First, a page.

I've always loved how Ikea keeps good design affordable, but you kind of have to use it in small doses. Making adjustments so things will fit your life is just smart. And if you screw it up don't worry, it probably didn't cost you much in the first place.

Kid's Bed With A Little Cupola [Ikea Hacker]

Also, check out all the posts tagged with "children" on Ikea Hacker.

Baby number two bassinet breakdown.

OobaI've spent (some would say ridiculous amounts of) money on baby furniture in the past, like the crib we got from the Netto Collection. Sure it was expensive, but the nursery is still my favorite room in the house, and we've got at least another three years to enjoy it. I've also in the past decided to go with the more frugal option too. For a while I was really in love with the Nest high chairs from England, but with those Ikea chairs looking good (and a full decimal place and a half cheaper) I couldn't justify it.

But now this new baby is coming and I've got to figure out a place for him or her to sleep. When Madame was a newborn we just kept her in the Bugaboo bassinet and wheeled her around the house for her many naps. But she's still using her stroller, which means I need a new bassinet solution.

There are some really beautiful ones out there (two years ago all we had was Netto...), the newest being the Ooba "Nest Collection" bassinet (pictured). Sure, it's modern and will look great in my bedroom, but $500 for a piece that will only be used for two months? Not even I,  the king of conspicuous consumption, can justify it.

But everything else that I've found are these frilly, lace-laden monstrosities. Look at the bassinet page from here. Even at $70, I just can't honestly bring myself to buy something that looks like it came out of some ten year old girl's Barbie Dream Nursery fantasy.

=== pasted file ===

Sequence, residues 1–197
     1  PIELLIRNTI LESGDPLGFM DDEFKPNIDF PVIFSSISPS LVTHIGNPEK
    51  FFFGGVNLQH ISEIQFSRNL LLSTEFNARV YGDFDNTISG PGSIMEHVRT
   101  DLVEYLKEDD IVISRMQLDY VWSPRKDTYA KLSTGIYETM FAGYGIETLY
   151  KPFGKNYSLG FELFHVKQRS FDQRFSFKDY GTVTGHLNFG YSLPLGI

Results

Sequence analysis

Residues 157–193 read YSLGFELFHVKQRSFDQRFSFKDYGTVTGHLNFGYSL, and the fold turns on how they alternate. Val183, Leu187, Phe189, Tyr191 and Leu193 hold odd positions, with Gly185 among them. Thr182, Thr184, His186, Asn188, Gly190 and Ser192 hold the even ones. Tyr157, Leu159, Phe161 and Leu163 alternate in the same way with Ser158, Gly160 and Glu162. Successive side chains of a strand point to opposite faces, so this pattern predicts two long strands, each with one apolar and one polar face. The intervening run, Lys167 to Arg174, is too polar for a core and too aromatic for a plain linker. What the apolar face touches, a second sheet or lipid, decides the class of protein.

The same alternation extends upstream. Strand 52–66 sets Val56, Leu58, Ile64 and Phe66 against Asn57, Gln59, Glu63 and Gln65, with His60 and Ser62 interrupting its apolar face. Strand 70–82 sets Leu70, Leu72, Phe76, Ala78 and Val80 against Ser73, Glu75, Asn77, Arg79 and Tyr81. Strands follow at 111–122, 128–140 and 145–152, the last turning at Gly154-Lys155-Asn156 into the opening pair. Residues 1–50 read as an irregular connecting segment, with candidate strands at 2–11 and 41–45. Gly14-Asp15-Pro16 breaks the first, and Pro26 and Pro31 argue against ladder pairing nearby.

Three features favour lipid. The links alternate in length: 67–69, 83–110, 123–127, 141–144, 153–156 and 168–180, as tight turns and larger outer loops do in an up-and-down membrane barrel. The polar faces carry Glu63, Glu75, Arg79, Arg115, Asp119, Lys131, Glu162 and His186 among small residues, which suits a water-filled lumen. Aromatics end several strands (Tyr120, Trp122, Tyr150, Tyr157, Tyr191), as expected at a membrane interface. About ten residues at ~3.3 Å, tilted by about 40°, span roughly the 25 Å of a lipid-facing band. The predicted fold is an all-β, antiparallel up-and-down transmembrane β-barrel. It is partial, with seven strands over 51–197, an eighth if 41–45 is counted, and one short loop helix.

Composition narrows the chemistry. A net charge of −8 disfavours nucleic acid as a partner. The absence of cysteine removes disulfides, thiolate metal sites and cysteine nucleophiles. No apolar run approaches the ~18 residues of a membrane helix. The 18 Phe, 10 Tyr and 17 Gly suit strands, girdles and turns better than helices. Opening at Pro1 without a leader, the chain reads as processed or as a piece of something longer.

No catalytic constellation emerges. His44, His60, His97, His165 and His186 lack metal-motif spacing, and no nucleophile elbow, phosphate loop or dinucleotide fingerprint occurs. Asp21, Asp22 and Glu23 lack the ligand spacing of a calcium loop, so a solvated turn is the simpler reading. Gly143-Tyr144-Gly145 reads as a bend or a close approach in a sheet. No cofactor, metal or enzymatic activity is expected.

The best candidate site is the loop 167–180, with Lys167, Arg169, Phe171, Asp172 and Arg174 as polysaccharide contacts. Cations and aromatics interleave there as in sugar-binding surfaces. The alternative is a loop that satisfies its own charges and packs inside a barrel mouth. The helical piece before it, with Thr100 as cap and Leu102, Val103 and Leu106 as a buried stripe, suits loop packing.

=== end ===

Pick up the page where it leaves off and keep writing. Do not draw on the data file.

So what's the solution? I think what I'm going to do is borrow a frilly bassinet from a friend for a couple of months. That way the baby will have a place to sleep that's comfortable and nearby, Madame will get to keep riding in the Bugaboo and I won't have to spend money on something ugly.

And we'll keep the bedroom door closed.

Also on MDD: High (chair) decisions.

Modern design baby blog-a-palooza.

See? I told you the kid's modern furniture revolution is taking place. To celebrate two new categories of products ("kids" and "baby"), modern furniture store Design Public is now in the second week of what they're calling their "Baby Blog-a-palooza!" It's a great idea actually - they've asked product and textile designers as well as popular parenting bloggers to write an entry about design as it pertains to children. (Apparently I wasn't popular enough to be among the "popular parenting bloggers" - even though I've been preaching the modern kid's stuff revolution for almost a year now. *tear*).

Anyway, it's definitely worth checking out. I like the posts by the designers, particularly Sophie Demenge from Oeuf, and I have to admit some of the posts by the other bloggers are really good too. It's great that people are talking about good design for kids, and it's even better that now there are more and more places to get it.